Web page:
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Anyone ever dealt with hazardous materials on a project?

Mar 18 '13 8 Last Comment
WhatsOnTheARE
Mar 18, 13 11:53 am

We know the step by step process to be used when a contractor finds hazardous materials on-site but we wanted to ask the professionals out there if the process is as smooth as they say.

What was your experience when the contractor found hazardous materials on-site? Did it end in a claim being filed and mediation beginning or what?

As a bonus, here is a presentation about a hospital that had to undergo a haz-mat abatement. 

 


kingston250
Mar 18, 13 11:59 am

Nice presentation. i like this idea. thanks for sharing.

vado retro
Mar 18, 13 12:16 pm

Hazardous Materials [10.3]
A201™—1997 adds protection to both the contractor and architect concerning hazardous materials and broadens the definition to include “a material or substance, including but not limited to asbestos or polychlorinated biphenyl (PCB), encountered on the site” from which arises the risk of “foreseeable bodily injury or death.” The owner must have a licensed laboratory verify the presence or absence of the material or substance, be responsible for rendering the hazard harmless, and indemnify the contractor and architect for any damages to them.

WhatsOnTheARE
Mar 20, 13 2:02 pm

@Kingston250 glad you liked it and you are welcome.

WhatsOnTheARE
Mar 20, 13 2:03 pm

@vado retro Any difference in the 2007 version compared to the version you quoted?

vado retro
Mar 20, 13 5:40 pm

this is updated. i forget the date.

Miles JaffeMiles Jaffe
Mar 21, 13 11:40 am

In order of toxicity, the most hazardous materials I've ever had to deal with are developers, luxury residential clients and municipal building agencies. The very worst were developers doing their own luxury houses.

WhatsOnTheARE
Mar 25, 13 6:15 am

@Miles that is hilarious. What makes developers and luxury res. clients so toxic? Attitude? No respect for the profession? Enlighten us.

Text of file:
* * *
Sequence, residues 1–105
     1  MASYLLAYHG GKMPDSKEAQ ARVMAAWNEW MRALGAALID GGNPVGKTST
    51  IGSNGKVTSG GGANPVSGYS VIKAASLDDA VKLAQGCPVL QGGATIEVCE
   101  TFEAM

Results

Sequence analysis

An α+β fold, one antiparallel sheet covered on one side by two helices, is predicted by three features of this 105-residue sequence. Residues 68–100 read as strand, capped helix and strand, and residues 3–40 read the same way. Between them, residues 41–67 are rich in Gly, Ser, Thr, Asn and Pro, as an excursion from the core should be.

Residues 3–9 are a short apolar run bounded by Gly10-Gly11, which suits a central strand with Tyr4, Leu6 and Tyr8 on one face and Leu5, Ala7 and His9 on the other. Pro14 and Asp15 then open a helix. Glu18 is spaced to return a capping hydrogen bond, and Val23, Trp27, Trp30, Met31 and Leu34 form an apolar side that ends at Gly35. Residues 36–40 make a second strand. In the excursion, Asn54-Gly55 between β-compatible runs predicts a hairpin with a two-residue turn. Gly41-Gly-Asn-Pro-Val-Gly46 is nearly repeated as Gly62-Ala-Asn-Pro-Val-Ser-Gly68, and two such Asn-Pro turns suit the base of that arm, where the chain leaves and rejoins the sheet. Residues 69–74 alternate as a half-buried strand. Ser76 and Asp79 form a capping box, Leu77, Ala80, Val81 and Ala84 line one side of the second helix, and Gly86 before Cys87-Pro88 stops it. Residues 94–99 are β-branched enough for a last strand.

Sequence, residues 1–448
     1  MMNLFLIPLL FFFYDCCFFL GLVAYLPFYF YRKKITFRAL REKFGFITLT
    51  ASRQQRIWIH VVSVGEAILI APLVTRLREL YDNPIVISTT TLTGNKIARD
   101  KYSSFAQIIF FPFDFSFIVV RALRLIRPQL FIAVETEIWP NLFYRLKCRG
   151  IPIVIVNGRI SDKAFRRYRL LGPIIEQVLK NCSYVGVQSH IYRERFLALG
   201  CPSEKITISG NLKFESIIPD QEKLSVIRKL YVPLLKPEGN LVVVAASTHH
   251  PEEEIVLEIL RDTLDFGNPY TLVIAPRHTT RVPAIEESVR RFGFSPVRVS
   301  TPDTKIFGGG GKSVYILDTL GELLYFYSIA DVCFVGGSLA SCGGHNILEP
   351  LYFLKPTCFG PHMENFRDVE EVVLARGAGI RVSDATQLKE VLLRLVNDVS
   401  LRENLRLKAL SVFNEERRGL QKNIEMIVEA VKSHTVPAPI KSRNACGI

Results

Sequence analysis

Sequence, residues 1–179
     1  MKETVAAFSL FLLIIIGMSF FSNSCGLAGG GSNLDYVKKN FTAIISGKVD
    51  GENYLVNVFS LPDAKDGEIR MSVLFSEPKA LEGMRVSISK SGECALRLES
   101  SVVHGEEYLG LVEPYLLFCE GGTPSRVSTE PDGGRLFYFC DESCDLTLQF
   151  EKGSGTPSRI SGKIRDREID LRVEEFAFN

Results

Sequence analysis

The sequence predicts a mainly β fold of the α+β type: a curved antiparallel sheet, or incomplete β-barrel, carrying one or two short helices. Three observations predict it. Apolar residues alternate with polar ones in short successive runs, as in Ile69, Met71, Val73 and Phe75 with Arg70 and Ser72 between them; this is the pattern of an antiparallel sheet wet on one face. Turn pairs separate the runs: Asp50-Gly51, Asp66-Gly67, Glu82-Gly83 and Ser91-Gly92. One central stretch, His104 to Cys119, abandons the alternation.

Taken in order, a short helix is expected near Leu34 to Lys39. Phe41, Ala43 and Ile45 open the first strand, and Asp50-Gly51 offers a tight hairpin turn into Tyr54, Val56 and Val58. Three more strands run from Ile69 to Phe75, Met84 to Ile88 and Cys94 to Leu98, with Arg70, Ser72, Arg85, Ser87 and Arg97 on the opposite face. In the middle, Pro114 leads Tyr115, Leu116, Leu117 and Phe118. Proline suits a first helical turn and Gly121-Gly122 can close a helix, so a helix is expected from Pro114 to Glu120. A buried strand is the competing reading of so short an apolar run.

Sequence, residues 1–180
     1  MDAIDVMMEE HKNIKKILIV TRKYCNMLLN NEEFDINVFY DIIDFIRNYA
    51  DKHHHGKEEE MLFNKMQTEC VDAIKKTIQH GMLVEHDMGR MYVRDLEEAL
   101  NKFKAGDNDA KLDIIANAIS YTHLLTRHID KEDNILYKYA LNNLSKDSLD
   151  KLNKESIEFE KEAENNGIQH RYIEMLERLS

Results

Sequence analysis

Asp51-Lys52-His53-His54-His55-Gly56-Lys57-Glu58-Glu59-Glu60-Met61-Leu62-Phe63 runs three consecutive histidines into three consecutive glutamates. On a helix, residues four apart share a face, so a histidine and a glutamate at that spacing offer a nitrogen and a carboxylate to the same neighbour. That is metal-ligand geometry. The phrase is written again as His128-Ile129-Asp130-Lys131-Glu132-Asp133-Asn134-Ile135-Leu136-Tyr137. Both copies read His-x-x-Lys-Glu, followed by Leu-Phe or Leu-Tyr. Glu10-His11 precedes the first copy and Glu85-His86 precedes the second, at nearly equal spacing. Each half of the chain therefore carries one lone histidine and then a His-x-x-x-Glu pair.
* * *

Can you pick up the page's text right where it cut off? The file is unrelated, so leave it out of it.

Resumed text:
Miles JaffeMiles Jaffe
Mar 25, 13 11:31 am

After months of negotiations, the developer calls to say he’ll be at my studio in five minutes. He’s had my proposal for four months and has unsuccessfully tried to renegotiate it dozens of times. The project is renovation and addition to a newly purchased (for $9m) 1970’s Timberpeg with a couple of additions on it and badly in need of a gut reno. He bought it for the new wife, he hates it, and doesn’t want to spend more than a million on it.

“I’ve got your check here on my desk but aren’t you double charging me?” So I explain, repeatedly, how I don’t, and how the design fee is actually discounted because I’m supposed to be the CM, too.

“We’ll fix your fee and I’ll buy the materials, so you won’t get a fee on that.” So I explain, repeatedly, that if, for example, you change from subway tile to marble slab the detailing is completely different, which requires work on my part to design in keeping with his (lack of) taste and (utterly unrealistic) expectations.

I tell him I’m with a client, and after it sinks in that yes, I do have other work, he asks when he can come. An hour later he shows up with his toady. It only took two years of sucking up and looking over some half-dozen properties for the guy. All on good will, of course.

Discussion ensues about how can he save money on the renovation by putting the master bath in the attic. I explain the various drawbacks including the steps up to it that would have to be traversed in the middle of the night if he needed to pee. After some back and forth he say, “We’re ready to get started, what do you need?”

I was speechless. I’d given up any idea that this was ever going to happen and had pretty much lost my taste for this guy as a client. I’d made it clear that my fee was non-negotiable, so I assumed that he was accepting my proposal (I don’t do contracts) and said, “I’ll need access so I can prepare as-builts.”

At this point he’s already out of his chair. He tells me how he’ll get me a key as he heads out the studio door. I follow him out, and standing in the driveway ask point blank, “So we’re good with the fee?”

He looks at his feet and says, “You had to bring that up.”

To make a long story short, I walked when he demanded scheme #5 after he stepped on his dick by telling me “we” were going to “fix” my previously agree percentage fee. Then, in order to save a million on the construction of an addition, he bough the adjacent house for $8m.

For reference, he owns seven highrises in Manhattan.

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